Obscurity of the Day: Boon Dock






No, this isn’t Boondocks, the controversial comic strip by Aaron McGruder. Boon Dock, a self-syndicated effort by George Breisacher, couldn’t generate any controversy if it had been trying — it had a bewildering array of characters that Breisacher didn’t really bother to introduce to readers. If these strips above leave you wondering what in the world the strip was about, who the characters are supposed to be, and what their relationship to each other is, join the club. I’ve read a month of the strip from the first year and I’m no closer to being able to explain anything about this strip than I was before.

Breisacher is best known for his short stint on Mutt and Jeff, where he did pall bearer duty for the strip in its final two years. A shame, too, because Breisacher actually put a spin on the strip that I thought worked pretty well. Breisacher later was president of the National Cartoonists Society from 1997-99.

Boon Dock started sometime in 1972 and I can vouch for it running until at least 1973 — an obit says that it ran in the Oakland (MI) Press until 1975. It may have been a replacement, or even a renaming, of Breisacher’s previous self-syndicated feature, Man on the Street. Does anyone know more about this obscurity? Or for that matter has anyone seen or have samples of the feature he did for the Charlotte Observer titled The First 200?

5 comments on “Obscurity of the Day: Boon Dock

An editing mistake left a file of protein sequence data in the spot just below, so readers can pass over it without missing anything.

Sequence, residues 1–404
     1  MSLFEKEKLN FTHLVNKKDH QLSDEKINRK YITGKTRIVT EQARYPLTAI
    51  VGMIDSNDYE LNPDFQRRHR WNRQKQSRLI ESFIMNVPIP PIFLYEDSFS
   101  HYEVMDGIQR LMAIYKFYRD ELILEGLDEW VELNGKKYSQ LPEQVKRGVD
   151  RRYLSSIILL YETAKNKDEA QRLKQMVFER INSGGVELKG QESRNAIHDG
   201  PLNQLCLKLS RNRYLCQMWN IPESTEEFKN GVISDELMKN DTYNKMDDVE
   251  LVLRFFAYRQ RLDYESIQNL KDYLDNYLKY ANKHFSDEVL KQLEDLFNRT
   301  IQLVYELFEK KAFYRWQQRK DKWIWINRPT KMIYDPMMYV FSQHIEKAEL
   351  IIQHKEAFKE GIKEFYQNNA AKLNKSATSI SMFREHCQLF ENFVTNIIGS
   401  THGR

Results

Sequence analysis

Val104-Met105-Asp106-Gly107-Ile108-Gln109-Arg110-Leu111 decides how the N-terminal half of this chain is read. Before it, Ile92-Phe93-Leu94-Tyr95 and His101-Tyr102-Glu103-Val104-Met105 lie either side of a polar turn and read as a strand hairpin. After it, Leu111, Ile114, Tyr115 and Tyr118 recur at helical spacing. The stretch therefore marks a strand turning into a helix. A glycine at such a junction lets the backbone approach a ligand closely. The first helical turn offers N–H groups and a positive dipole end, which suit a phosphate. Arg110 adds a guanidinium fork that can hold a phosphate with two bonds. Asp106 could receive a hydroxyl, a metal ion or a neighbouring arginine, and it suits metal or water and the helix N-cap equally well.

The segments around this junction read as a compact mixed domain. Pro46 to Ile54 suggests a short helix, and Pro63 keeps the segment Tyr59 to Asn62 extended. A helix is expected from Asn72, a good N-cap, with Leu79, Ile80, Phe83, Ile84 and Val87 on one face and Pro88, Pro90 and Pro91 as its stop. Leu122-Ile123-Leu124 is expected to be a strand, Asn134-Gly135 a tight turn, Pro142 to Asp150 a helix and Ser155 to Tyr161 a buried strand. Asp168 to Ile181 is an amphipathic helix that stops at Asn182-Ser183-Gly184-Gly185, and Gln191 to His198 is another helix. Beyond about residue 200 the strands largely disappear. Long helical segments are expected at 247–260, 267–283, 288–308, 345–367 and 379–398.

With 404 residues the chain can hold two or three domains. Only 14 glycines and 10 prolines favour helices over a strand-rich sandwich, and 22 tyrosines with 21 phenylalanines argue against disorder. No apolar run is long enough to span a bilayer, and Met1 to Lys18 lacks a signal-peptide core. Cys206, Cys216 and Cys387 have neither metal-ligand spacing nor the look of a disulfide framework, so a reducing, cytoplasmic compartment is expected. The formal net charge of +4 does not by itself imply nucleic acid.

1. This strip was reprinted in the Menomonee Falls Guardian. One of the two self-syndicated strips they ran (the other being “Conchy” by James Childress)

  2. I still have a complete set of those old Menomenee Falls Guardians in a box in my basement and I remember Boon Dock and Conchy very well. It was always interesting to see Breisacher show up, phoenix-like, through the years. One rumor I heard years ago that maybe you could clear up: Did Conchy creator James Childress commit suicide? I remember hearing that as a kid and I never saw his cartoons show up elsewhere which surprised me because Conchy was very engaging and had loads of potential.

  3. Sadly, James Childress did indeed commit suicide in January 1977. He was going through financial problems and marital troubles at the time.

  4. I'm reading through The Menomonee Falls Guardian, and they were still running the strip in 1974. I'm guessing if the strip was still being produced then, then a newspaper somewhere was still running the strip at the time.

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